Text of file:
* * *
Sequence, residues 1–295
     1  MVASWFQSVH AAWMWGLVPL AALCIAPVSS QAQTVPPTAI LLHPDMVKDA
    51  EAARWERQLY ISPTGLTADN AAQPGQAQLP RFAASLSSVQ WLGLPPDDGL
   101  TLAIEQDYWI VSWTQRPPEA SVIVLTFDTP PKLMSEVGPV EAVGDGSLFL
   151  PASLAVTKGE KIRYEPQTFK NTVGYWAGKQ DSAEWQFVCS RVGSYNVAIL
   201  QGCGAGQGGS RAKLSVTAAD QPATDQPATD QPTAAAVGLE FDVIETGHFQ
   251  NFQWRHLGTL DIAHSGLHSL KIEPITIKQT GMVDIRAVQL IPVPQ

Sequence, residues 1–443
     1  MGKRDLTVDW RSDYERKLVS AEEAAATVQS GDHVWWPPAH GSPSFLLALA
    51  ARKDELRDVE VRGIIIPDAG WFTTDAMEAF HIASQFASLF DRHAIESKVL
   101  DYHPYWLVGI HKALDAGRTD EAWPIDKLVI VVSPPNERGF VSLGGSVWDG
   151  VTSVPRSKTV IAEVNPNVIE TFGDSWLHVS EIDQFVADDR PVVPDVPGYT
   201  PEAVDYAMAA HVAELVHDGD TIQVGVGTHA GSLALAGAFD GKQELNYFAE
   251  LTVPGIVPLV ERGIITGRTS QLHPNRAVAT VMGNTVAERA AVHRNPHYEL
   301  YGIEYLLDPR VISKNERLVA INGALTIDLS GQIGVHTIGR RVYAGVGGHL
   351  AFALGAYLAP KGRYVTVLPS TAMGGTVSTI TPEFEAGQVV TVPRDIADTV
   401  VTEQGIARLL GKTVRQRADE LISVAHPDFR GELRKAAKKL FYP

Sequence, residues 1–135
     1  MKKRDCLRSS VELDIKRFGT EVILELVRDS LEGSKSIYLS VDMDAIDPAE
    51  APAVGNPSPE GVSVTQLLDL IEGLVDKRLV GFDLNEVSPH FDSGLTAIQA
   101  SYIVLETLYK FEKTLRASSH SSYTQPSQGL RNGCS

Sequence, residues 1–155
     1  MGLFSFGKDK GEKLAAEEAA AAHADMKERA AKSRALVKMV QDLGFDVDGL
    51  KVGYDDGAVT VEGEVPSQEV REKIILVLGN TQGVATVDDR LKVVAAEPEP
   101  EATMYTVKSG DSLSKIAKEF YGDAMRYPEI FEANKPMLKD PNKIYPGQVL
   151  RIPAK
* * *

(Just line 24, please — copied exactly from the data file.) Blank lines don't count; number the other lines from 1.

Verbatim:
    51  KVGYDDGAVT VEGEVPSQEV REKIILVLGN TQGVATVDDR LKVVAAEPEP